A recent survey published by the Centers for Disease Control found anxiety and depression are at an all-time high among Iowans. Nearly 40% of Iowans reported feelings of despair and worry during the pandemic.
“Last spring a dense fog of the unknown rolled across Iowa overwhelming our work routines, disconnecting us from trusted friends, co-workers and family,” says Liz Cox, CEO of the Polk County Mental Health Region. “We’ve all experienced changes at home, social isolation, loss of a routine, lack of sleep and, for some, the loss of a job or the loss of a loved one.”
Cox is urging Iowans to address their stress and seek help.
“Rather than turning to drugs or alcohol, negative self talk or overwhelming ourselves with work, we have better mental health outcomes when we take time to decompress,” Cox says, “when we talk to a counselor, a friend, a faith leader; we exercise or we ask for help when we need it.”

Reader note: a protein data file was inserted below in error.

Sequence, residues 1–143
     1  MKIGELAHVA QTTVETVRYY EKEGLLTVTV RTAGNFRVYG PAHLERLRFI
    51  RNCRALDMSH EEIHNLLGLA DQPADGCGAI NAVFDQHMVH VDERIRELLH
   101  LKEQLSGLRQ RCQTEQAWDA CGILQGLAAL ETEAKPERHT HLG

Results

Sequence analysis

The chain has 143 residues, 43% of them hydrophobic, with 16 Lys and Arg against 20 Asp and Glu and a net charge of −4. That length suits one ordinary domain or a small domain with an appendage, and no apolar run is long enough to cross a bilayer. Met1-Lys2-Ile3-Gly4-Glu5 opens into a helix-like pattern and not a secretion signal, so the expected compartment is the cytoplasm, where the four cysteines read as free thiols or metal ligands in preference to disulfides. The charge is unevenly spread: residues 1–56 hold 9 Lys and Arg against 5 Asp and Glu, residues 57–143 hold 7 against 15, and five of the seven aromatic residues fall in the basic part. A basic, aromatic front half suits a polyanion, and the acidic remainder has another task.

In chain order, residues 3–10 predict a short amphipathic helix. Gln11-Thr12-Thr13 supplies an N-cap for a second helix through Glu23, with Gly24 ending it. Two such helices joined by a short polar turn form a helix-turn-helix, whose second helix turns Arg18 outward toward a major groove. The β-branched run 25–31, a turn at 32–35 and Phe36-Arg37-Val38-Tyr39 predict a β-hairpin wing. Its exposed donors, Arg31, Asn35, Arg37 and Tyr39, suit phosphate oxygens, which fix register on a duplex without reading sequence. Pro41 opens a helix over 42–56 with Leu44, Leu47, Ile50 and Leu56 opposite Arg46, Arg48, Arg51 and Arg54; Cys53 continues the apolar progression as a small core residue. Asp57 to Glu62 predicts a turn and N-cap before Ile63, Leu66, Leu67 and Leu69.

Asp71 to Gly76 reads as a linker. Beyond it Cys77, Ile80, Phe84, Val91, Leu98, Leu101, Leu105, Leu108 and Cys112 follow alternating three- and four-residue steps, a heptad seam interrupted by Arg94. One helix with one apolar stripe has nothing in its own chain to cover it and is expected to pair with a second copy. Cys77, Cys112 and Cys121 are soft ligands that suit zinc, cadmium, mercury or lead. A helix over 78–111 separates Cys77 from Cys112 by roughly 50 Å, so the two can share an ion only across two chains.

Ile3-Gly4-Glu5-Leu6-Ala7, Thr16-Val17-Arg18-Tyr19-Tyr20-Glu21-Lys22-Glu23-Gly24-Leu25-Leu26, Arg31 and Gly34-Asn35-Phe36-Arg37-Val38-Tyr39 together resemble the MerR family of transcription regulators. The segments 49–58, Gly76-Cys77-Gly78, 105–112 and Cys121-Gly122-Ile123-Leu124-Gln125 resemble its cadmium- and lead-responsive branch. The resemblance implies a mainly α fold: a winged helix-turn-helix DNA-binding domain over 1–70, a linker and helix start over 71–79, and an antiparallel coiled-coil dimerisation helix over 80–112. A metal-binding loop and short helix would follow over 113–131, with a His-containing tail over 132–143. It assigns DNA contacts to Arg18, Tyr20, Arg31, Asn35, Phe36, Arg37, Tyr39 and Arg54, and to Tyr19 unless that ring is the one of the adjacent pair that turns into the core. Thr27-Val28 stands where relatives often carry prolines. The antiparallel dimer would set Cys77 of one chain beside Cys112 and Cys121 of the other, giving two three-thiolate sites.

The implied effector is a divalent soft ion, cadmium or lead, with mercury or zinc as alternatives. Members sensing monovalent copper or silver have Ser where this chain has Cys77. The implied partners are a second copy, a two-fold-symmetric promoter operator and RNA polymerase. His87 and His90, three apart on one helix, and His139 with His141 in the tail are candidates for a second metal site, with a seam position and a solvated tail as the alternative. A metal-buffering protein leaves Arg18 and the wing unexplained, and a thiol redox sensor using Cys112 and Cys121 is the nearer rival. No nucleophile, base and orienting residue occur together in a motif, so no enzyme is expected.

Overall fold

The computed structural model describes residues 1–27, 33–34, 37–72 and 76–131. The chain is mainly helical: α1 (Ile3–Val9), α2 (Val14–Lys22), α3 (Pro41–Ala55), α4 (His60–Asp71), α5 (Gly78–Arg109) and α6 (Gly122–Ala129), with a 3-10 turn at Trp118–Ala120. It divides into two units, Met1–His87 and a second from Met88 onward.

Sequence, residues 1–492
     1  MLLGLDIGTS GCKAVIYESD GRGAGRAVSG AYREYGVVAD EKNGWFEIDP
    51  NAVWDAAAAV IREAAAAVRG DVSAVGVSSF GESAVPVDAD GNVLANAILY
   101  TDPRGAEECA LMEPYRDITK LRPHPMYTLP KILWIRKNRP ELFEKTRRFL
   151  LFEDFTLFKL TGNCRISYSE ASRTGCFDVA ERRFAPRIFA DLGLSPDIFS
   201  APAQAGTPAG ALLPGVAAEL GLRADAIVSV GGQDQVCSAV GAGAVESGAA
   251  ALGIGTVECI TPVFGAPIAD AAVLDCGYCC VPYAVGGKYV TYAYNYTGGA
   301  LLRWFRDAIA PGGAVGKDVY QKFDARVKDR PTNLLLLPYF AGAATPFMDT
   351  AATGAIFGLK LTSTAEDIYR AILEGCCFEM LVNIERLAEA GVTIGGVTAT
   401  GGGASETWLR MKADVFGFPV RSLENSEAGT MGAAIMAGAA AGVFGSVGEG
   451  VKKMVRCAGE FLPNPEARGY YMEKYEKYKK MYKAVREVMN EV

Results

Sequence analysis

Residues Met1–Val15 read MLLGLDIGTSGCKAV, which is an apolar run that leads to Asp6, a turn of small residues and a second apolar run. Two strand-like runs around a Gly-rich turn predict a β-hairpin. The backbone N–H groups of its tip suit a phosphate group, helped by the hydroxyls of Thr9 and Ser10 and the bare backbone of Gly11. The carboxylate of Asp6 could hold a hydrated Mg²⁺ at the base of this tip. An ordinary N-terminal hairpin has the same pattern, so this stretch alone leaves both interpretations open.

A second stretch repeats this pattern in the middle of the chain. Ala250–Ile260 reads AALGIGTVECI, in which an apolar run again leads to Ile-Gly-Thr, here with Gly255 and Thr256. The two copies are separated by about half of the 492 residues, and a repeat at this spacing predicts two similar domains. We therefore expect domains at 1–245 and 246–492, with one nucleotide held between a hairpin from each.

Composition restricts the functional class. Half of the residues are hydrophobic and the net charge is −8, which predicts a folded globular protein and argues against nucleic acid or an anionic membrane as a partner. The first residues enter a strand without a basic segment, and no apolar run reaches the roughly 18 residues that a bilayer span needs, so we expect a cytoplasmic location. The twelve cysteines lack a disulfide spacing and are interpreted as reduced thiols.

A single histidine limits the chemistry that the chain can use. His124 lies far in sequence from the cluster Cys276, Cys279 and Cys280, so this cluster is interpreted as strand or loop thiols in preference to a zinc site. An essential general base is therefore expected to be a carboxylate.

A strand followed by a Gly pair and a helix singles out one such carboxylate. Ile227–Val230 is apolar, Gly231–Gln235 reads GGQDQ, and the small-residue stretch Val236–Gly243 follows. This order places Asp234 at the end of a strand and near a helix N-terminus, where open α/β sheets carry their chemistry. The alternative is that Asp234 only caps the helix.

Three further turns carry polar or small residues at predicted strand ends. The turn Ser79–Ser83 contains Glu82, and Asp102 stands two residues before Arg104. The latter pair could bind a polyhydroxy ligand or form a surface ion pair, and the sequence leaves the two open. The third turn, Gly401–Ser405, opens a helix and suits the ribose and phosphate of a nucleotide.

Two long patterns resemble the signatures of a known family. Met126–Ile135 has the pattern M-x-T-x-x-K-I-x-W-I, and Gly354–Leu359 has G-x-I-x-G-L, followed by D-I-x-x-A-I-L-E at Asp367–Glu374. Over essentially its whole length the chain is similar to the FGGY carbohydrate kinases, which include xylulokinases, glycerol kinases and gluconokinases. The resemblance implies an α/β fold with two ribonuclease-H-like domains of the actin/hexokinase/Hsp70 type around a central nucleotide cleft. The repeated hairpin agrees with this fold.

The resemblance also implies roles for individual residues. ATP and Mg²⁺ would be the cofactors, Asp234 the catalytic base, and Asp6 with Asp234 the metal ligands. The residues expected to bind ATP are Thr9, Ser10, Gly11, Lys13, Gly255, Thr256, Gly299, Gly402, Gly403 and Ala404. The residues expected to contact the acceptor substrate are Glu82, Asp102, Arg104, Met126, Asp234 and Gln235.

Many school districts have hired mental health counselors or reserved spaces for staff and students to talk with someone via a “telehealth” connection, according to Cox. A 2019 report found the teenage suicide rate in Iowa increased 30 percent in the previous three years.
“Please say something. Listen non-judgmentally. Give reassurance and information,” Cox says, “and encourage appropriate professional help.”
State officials say pharmacy records appear to indicate many Iowans are seeking help, as there’s been a 20% increase this year in prescriptions for medications that address anxiety and depression.